Jewelry Blog

Making Your Metal Manageable: A Tutorial on Annealing Metal Jewelry

If you’ve spent any time making metal jewelry, you may have noticed that the more you work a piece the harder it will become.

Maybe you’ve been shaping a ring shank and gotten to the point where your hands hurt but your metal just won’t move more. Or, maybe you’ve hammered a piece of sheet metal until you loved the texture, but then tried to bend it into a cuff with results that are immovable and springy. Read on to learn about the process of annealing metal jewelry!

Annealing metal jewelry

Here’s the simple rundown on the process of annealing metal jewelry:

The molecules inside of your metal become tightly compressed the more that you hammer, bend and work your metal. Annealing is a process of releasing those molecules a bit, softening them so they can move in the ways we want.

If a piece is work hardened and you continue to work that piece without taking annealing breaks, you run the risk of splitting your metal and destroying all of your hard work. It can be tedious, but trust me, it’s worth the time.

How to tell when you should be annealing metal jewelry:

Feel the vibrations

It’s worth the time for the sake of your work, but also for the sake of your hands. Working soft metal will allow you to move the metal where you want with less reverberations in the piece as a whole. This can translate to a lot less stress on your joints. Anneal often!

Listen to what the metal has to say

Soft metal will have a deeper sound as the hammer strikes it, while metal that should be annealed will sound higher pitched and tinny.

Watch it

Is it moving the way that you want with the proper amount of force? If you’re wailing away on a piece and it’s just not changing shape, you should probably take an annealing break.

How to anneal:

The process of annealing metal jewelry is relatively the same for different kinds of metal, but if you’re hesitant or unsure, do a little more research on your specific type of metal just to be on the safe side. In the example below I’ll be using silver.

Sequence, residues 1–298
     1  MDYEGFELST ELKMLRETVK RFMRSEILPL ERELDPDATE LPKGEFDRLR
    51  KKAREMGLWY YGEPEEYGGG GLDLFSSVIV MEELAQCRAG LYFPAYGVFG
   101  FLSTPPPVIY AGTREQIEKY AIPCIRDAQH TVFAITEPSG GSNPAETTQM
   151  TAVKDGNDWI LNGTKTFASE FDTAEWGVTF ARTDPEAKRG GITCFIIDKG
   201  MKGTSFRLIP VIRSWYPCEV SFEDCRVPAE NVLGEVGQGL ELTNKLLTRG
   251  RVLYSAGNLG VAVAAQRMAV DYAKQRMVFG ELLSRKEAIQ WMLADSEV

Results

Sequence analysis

Supplies:

  • A torch
  • Metal
  • Fire brick
  • Insulated tweezers
  • Bowl of water

Step 1:

Working in a dimly lit room, put your piece of metal on a fire brick.

Borax and Alcohol

Step 2:

Brush your piece with a mixture of Borax and denatured alcohol. This will help prevent fire scale and oxidation if your metal gets overheated.

Bushy Flame

Step 3:

Begin by adjusting your torch to be soft and bushy — avoid making it harsh and hissing. Begin brushing your metal with the flame where blue meets orange and continue to move to cover the entire piece.

img_0284

Step 4:

Heat evenly until the piece begins to glow a dark orange/red. The color and glowing of your metal will be more noticeable with less light. Working evenly across the whole piece, keep it at this temperature for up to 30 seconds. You’ll find good time periods as you practice and learn that differing gauges of metal will require different heating times.

Note: Watch out for very shiny silver as this means your piece might be on the border of melting.

Slight Red Glow

Step 5:

Grabbing your piece with tweezers, dip it in water to quench it. There will likely be some hissing and steam as the metal cools.

Congratulations! You’ve just annealed your metal. Get used to this process as it will save your joints, your work and your sanity!

4 Comments

Annie

Kate,
What are the proportions of borax to denatured alcohol (1:1, 2:1) to make the firescale preventative? (Tried Googling to see if I could find the ratio myself and couldn’t seem to find it).

Thanks!
Annie

Reply
Kate

Hi Annie! Somewhere there might be a ‘proper’ ratio but I was taught to keep it simple. I keep my borax in a small container and as needed add more denatured alcohol until it forms a paste. You want it to cover the piece and not be too runny. Depending on how air tight your container is you might need to do this every time as the alcohol evaporates quickly.

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